Fracking’s Only Drawback: Rampant Rent-Seeking

by William Yeatman on May 26, 2011

in Blog, Features

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As readers of this blog are no doubt aware, I’m a big fan of ‘fracking,’ a.k.a. hydraulic fracturing, the American-made technological miracle in natural gas production that has roughly doubled known North American gas reserves in only the last five years. In previous posts, I’ve defended fracking from nonsensical attacks launched by ill-informed environmentalists. Quite contrary to what the alarmists would have you believe, we’re lucky for the fracking revolution. Not only has it dramatically increased our domestic supply of natural gas, but now it’s being used to extract oil, too, and it could prove just as revolutionary for that industry.

Fracking does, however, have one major drawback: it has caused rampant rent-seeking. While gas supply has exploded, American consumption increased only 9 percent from 2005 to 2010. The sagging economy has further increased this disparity between gas supply and demand. For consumers, this is great, as it should usher in a period of relatively stable, low prices in the historically volatile gas market. For gas producers, it could be great. The low prices should make their product more attractive relative to other forms of energy. In turn, this could lead to whole new sectors of demand.The problem is that a couple major players in the gas industry refuse to wait for market forces to work their magic.  Instead, these impatient industry titans are trying to convince politicians to enact policies that force Americans to use natural gas.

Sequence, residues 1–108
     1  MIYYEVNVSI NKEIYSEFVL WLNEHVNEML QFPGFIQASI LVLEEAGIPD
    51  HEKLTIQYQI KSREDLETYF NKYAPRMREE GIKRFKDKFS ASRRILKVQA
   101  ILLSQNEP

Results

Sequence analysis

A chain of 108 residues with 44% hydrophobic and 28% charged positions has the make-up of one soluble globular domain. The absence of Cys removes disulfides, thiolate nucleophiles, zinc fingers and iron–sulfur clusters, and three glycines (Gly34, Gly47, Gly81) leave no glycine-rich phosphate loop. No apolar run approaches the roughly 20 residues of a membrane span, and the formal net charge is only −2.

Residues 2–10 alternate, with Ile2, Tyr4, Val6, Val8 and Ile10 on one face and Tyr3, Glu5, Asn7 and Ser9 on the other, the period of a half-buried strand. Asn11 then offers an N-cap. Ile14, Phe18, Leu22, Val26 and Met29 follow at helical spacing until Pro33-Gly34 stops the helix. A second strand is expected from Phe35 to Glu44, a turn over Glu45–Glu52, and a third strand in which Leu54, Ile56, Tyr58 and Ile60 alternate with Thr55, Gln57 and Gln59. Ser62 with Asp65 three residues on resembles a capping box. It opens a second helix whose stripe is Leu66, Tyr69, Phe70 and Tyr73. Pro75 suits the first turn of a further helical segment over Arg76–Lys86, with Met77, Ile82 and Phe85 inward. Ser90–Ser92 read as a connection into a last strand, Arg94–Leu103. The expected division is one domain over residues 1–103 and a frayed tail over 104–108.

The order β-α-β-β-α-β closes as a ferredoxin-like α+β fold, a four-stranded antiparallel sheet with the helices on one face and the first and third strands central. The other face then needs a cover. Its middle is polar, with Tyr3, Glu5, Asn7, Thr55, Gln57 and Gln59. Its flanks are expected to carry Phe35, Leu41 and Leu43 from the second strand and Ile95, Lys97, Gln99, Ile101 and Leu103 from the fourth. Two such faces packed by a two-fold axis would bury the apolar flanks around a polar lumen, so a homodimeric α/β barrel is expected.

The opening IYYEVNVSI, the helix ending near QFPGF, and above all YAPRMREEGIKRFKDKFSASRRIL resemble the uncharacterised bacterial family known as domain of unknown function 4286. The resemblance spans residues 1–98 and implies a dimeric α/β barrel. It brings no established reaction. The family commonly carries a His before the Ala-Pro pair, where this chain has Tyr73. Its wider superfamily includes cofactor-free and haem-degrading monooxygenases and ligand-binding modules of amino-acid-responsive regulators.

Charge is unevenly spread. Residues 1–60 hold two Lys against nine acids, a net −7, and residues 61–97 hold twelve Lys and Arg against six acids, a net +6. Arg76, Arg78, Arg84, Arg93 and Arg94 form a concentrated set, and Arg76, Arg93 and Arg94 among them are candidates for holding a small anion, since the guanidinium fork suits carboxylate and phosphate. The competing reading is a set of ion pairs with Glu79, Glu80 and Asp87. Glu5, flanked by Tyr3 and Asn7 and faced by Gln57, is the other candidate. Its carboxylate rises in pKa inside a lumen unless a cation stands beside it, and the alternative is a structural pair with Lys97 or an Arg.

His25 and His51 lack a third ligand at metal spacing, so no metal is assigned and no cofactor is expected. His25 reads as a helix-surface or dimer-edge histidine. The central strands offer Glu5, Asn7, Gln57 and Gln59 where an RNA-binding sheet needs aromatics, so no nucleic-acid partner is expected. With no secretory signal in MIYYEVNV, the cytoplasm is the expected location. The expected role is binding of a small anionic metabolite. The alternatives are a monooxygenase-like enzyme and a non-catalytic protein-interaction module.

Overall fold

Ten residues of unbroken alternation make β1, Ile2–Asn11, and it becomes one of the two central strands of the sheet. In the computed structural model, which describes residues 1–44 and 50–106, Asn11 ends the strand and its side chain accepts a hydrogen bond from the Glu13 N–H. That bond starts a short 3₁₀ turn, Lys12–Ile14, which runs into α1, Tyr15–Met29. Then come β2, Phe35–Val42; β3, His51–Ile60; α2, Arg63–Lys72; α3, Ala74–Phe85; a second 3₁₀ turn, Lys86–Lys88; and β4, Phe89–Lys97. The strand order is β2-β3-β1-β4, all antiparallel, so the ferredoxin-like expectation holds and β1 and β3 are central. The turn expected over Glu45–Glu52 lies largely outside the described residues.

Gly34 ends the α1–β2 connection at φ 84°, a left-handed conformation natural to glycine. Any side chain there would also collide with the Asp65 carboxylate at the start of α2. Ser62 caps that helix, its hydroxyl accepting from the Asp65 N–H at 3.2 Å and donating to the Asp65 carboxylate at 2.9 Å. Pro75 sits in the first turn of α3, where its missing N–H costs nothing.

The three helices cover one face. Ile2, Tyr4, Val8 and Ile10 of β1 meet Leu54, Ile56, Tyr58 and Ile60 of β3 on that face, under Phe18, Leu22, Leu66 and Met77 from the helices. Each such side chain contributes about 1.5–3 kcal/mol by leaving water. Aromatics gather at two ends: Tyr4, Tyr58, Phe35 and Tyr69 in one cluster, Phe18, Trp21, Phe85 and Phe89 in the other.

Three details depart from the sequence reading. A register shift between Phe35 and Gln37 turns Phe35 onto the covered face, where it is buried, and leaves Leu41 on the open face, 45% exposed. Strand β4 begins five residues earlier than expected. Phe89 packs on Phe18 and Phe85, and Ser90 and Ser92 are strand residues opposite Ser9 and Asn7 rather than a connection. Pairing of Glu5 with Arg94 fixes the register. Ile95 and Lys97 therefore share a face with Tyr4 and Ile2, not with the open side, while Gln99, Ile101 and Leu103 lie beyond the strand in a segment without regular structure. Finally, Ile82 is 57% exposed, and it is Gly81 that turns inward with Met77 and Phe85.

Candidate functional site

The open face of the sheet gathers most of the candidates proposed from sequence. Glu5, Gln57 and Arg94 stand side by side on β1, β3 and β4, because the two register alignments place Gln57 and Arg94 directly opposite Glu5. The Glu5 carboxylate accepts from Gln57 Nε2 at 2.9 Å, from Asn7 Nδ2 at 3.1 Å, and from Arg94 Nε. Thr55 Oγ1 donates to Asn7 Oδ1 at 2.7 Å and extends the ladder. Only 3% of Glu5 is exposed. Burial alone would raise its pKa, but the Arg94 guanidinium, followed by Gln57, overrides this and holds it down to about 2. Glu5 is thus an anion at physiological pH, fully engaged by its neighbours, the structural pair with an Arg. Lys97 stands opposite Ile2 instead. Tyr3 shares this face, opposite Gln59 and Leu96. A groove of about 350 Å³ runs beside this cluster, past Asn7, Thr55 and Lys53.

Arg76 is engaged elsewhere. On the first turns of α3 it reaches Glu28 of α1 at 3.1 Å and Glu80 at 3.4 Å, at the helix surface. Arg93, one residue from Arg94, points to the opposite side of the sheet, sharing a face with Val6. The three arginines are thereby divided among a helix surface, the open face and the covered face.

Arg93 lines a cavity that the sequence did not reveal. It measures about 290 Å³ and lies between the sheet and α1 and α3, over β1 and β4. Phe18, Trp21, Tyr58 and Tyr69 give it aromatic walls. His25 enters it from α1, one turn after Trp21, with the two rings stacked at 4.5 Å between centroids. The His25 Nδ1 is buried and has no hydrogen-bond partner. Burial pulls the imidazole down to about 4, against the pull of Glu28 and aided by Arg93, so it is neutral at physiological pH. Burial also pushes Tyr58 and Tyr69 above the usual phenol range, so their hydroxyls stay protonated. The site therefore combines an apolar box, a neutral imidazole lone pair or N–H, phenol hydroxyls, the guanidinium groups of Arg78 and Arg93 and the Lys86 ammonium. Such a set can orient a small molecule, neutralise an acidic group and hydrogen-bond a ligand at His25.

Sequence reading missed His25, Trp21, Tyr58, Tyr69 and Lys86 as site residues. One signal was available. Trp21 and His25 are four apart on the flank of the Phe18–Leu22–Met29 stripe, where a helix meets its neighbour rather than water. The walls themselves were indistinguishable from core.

Consider, for example, Chesapeake Energy CEO Aubrey McClendon, who is leading a nationwide charge to force Americans to use more gas for electricity. As I’ve explained, McClendon has been traveling around the country trying to convince eco-friendly governors to switch from “dirty” coal to “clean” gas. So far, he’s scored one major success. In Colorado, Governor Bill Ritter pushed through a law requiring fuel switching from coal to gas for almost 1,000 megawatts of electricity. If McClendon gets his druthers, other states will follow suit. As I understand it, McClendon’s next targets are Texas and Arkansas.

Then there’s natural gas mogul T. Boone Pickens. He’s trying to get the Congress to enact H.R. 1380, a.k.a. the “Pickens Your Pocket Boondoggle Bill” or the “T. Boone Pickens Earmark Plan,” which would have taxpayers finance the use of natural gas as a transportation fuel, in particular for the trucking industry.

At the very least, these policies are special interest rip-offs. But they could be much, much worse, due to unintended consequences typically wrought by such massive market manipulations.

It’s a welcome development that fracking has increased gas supply; it’s an equally unwelcome development that it has also increased rent-seeking.

 

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